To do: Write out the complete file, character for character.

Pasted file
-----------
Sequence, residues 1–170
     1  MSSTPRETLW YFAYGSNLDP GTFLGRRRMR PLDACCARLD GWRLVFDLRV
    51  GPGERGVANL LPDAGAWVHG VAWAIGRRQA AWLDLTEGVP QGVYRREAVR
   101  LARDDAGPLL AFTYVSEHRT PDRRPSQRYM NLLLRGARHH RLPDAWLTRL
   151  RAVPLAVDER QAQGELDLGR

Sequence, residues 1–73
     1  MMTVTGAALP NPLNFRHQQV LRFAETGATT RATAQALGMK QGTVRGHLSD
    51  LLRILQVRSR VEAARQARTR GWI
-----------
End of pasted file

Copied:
Sequence, residues 1–170
     1  MSSTPRETLW YFAYGSNLDP GTFLGRRRMR PLDACCARLD GWRLVFDLRV
    51  GPGERGVANL LPDAGAWVHG VAWAIGRRQA AWLDLTEGVP QGVYRREAVR
   101  LARDDAGPLL AFTYVSEHRT PDRRPSQRYM NLLLRGARHH RLPDAWLTRL
   151  RAVPLAVDER QAQGELDLGR

Sequence, residues 1–73
     1  MMTVTGAALP NPLNFRHQQV LRFAETGATT RATAQALGMK QGTVRGHLSD
    51  LLRILQVRSR VEAARQARTR GWI